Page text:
The Gupta period was also considered the golden age of the ancient Indian history marked significant developments in the arena of prevention and protection of environment. It was an age of prosperity and is known as the classical age in the Indian history. Fa-Hien, the Chinese Buddhist pilgrim who visited India during the reign of Chandragupta II (c. 375TCETtoT415TCE) made references to natural and ecological aspects of the Gupta period. The Allahabad Pillar Inscription mentions that Samudragupta, the mighty Gupta ruler conquered the forest states of central India (atavirajyas) which indicate that central India was filled with dense forests and mountains. Agriculture tremendously flourished during this period and stress was given on the importance of agriculture (BongardTLevinT1998:130). The later Gupta and post Gupta periods marked the development of two significant things, i.e., growth of feudalism and the decay of urban centers which were seriously affected by the environmental factors. Feudalism led to the emergence of feudal lords and the expansion of agriculture which ultimately involved in the irrigation issues. It is believed that when agriculture extended people became more interested towards cultivation of land instead of long trade as a result, trade to some extent was declined leading to ultimate decline of urbanization and urban centers in ancient India. In the words of D.N. Jha (2003:156), “The extension of agriculture helped the process of the formation of new states by providing a stable agrarian base from the late Gupta period, when trade ceased to play a major role in socio-political transformation”.
People used the water of different rivers mainly of Ganga for irrigational purposes. The poets, astronomers and scientists of the Gupta period were greatly influenced by the environment. Kalidas, the renowned literary figure of ancient India who probably belongs to the reign of ChandraguptaTII, in his work Ritusamhara describes the six seasons in relation to shringara. Meghaduta, (cloud messenger) another poetical work written by him reflects various aspects of nature, especially of clouds. Aryabhatta, the great scientist and astronomer and the author of the Aryabhatiyam, who flourished in the fifth century CE contrary to the existing notions, opined that the earth revolves around the sun an rotates on its axis which is a great contribution to the world of natural science. The Panchasiddhantika of Varahamihira (c.6thCE) deals with five astronomical systems (siddhanta). Harshavardhan (c. 606 CE to c. 647 CE), the greatest ruler of the Pushyabhuti dynasty ruled over northern India during the 7thcentury CE. The Chinese pilgrim Hiuen Tsang (Yuan Chwang) (630 CE to 643 CE) visited India during the reign period of Harshavardhan. Harsha though started his rule from Thaneswar in Haryana subsequently realizing the importance of Kanauj which was located on the Gangetic basin later on shifted his capital to the later place.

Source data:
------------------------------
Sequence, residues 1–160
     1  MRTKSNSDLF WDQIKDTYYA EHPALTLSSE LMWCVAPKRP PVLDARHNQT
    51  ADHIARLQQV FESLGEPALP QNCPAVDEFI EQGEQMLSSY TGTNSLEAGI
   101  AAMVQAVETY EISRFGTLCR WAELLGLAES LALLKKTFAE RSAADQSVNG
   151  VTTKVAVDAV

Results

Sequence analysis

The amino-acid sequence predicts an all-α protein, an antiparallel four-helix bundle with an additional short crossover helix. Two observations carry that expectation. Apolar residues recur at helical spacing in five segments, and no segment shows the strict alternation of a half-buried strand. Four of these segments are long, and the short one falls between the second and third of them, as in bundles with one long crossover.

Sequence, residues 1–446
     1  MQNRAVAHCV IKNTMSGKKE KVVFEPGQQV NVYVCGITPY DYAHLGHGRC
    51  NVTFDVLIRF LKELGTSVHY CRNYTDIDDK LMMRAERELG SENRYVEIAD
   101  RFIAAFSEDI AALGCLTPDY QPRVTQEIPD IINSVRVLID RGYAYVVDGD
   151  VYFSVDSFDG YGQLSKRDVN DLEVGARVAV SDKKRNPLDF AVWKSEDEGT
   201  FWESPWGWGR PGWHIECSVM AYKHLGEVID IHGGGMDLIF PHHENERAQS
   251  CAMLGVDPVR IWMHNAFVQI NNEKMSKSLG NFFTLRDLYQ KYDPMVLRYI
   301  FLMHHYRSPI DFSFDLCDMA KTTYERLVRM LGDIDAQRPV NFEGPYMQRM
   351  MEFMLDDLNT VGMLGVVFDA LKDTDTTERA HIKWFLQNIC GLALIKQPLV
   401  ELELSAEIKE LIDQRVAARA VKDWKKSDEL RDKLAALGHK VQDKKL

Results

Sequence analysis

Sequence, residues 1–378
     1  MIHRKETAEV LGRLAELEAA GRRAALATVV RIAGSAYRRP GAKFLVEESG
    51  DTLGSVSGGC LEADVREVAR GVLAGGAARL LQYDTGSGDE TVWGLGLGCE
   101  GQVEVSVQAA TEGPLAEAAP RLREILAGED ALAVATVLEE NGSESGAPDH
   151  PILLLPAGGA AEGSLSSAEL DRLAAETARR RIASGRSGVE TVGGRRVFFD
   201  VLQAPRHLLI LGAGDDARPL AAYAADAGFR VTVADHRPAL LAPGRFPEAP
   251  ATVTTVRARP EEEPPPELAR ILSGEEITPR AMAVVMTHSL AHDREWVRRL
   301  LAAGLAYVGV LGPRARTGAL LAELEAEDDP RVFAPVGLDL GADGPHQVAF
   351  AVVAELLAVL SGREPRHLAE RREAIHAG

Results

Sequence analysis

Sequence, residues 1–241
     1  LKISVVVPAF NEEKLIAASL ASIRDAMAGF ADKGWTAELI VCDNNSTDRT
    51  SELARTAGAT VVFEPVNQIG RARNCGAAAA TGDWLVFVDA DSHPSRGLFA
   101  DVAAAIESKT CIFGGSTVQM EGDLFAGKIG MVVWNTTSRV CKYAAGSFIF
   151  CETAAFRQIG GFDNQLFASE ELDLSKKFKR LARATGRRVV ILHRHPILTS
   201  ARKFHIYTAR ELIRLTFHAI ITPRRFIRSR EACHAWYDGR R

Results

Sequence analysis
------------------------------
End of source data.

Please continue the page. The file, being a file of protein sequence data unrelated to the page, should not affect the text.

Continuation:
He convoked a religious assembly at Prayaga on the bank of the river Ganga under the presidency of Hiuen Tsang. As per the description of Banabhatta, his court poet, Harsha in course of his search to find out Rajyashri, his sister during the time of her distress, made friendship with Vyaghraketu of the Vindhya forest who introduces him every creek and corner of the hills (Mookerji 1965:26) which reminds us the friendship of Rama with Sugriva of the Ramayana period. Harsha recovers his sister when she was ‘prepared to enter the funeral pyre’ in the Vindhya forest. It indicates one thing that the Vindhya Mountain was impenetrable during those days. Hiuen Tsang in his eye witness accounts refers to many natural spots and vividly described about them. The Chola kingdom in the south, ruling from Tanjore, their capital became a great maritime power because of its location on the extensive sea coast. Similarly, throughout the Indian history environment has got its due weight. Almost all the kings, in spite of their variation in personal aptitude take concrete steps for the management of water and forest; undertake irrigational activities, constructed canals and bridges and planted trees for the benefit and welfare of the public.